Investment in a Minute – Tactical thinking: Embracing Market Volatility

5 min read 14 Mar 24

“When sentiment is this poor, you do not need a lot of good news to drive stocks. The removal of incremental bad news can itself be the catalyst.”

- Michael Dyer, Investment Director, Multi Asset

China: the contrarian perspective

In the realm of contrarian investing, market scepticism often unveils hidden opportunities. While acknowledging that long-run fundamentals can drive markets, we also recognise that short-term market dynamics can offer profitable tactical opportunities driven by investor sentiment.

Despite structural challenges like debt, deflation and aging demographics in China, the key questions remain: ‘’Has, and by how much, the market already priced this in?’’.

To avoid catching a falling knife, we prioritize markets that offer a level of margin of safety through supportive valuations, and evidence of excessive behavioural reactions, such as levels of capitulation or panic selling.  

Notably, the late October 2022 market bottom in China (a point, on hindsight, that turned out to be an excellent buying opportunity) seems to exhibit similar conditions today. 

The recent downturn in Chinese equities in January, triggered more by investor sentiment than fundamental changes, presented an intriguing scenario similar to previous market corrections – the Global Financial Crisis, Euro crisis and the 2015 – 2016 growth slowdown – with valuations on many Chinese equity indices presenting extremely attractive entry points into the market, in our view. 

Despite the post-low rally, pessimism appears to be widespread. While some of this pessimism is partly justified by past corporate earnings, it underscores the market's underestimation of potential earnings recovery. When sentiment is this poor, you do not need a lot of good news to drive stocks. The removal of incremental bad news can itself be the catalyst, as it has proved to be in the rally thus far. 

Japan: a promise of delivery

If China’s narrative revolves around navigating structural challenges with contrarian opportunities; Japan’s story is about capitalising on structural tailwinds amidst growing consensus. The real test for Japan now, is fulfilling its potential for structural reform and inflation adjustments.

Late 2022 to early 2023 presented an attractive entry point into Japanese equity markets, when the TOPIX was trading on 12x earnings and international investors were dismissive of another round of ‘this time it’s different in Japan’ rhetoric. 

The good news is that this time it really does feel different, with the Nikkei 225 finally surpassing the historic highs of December 1989. The promise of a different outcome seems tangible.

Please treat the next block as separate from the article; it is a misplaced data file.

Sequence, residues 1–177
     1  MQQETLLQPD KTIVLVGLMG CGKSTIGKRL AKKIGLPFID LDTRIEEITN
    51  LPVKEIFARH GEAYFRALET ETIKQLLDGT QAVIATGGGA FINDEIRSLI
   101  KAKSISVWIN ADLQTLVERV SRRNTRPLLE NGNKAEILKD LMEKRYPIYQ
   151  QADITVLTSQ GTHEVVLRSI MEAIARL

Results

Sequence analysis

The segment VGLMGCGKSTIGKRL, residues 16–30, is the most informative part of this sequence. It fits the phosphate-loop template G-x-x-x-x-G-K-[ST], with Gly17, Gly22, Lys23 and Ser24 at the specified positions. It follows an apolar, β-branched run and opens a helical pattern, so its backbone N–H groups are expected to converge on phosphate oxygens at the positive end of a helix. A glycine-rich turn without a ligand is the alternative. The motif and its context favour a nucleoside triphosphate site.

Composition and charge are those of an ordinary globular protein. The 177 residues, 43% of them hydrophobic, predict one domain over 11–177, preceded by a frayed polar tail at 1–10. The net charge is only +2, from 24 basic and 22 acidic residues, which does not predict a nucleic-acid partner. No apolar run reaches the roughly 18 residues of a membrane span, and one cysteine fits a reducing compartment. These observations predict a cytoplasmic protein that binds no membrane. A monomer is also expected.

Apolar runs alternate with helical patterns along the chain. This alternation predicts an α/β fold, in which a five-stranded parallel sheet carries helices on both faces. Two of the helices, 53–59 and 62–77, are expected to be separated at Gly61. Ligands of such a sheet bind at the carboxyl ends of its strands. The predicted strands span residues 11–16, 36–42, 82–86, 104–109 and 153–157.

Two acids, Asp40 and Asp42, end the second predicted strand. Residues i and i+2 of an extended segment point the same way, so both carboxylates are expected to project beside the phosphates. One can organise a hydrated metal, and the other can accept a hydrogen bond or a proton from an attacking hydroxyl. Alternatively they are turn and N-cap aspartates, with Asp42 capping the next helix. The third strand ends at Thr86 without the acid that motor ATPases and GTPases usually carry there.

Since last year, valuations have richened but remain reasonable, momentum appears behind Japan such that it should reach escape velocity for the Bank of Japan to restore positive rates. 

Additionally, underlying corporate reform is a powerful driver of bottom-up earnings and the more secular bull market in Japanese equities is likely to see continued inflows from international investors long underweight Japan. 

Thus, while Japan may no longer be a contrarian call, the structural case remains intact. 

US: a surprise landing?

It has not just been the Nikkei making new highs, the S&P 500, propelled by the ‘Magnificent 7’ has broken 5000. This recent surge, driven by a select group of high-performing stocks, reflects heightened market optimism. 

Contrary to last year’s forecast of a ‘soft landing’, current market expectations suggest a robust economic performance without the anticipated slowdown. With a ‘no landing’ appearing to be increasingly priced in, in our opinion, it makes treasury bonds more appealing than equities at present. 

The adjustment of 2024 GDP expectations, alongside persistent inflation, also indicates a shift in market dynamics, with equity markets focusing on growth over ‘higher for longer’ interest rates concerns. 

However, the optimism priced into US equity multiples warrants caution, as the narrow leadership of the S&P and high valuations may pose risks of disappointment. 

In the meantime, real yields on treasuries are commensurate with the pre-GFC era and look to offer a decent asymmetry of valuation and diversification properties. 

And finally… the US presidential election cycle has kicked off in earnest with the Super Tuesday primaries. Markets are predicting a 90% chance of a Trump vs Biden rematch. All we would note is a reminder to investors that forecasting election results is notoriously error prone and, even then, markets have a habit of compounding that forecast error by not reacting as one would expect!

By Michael Dyer

The value of investments will fluctuate, which will cause prices to fall as well as rise and you may not get back the original amount you invested. The views expressed in this document should not be taken as a recommendation, advice or forecast. Past performance is not a guide to future performance. 

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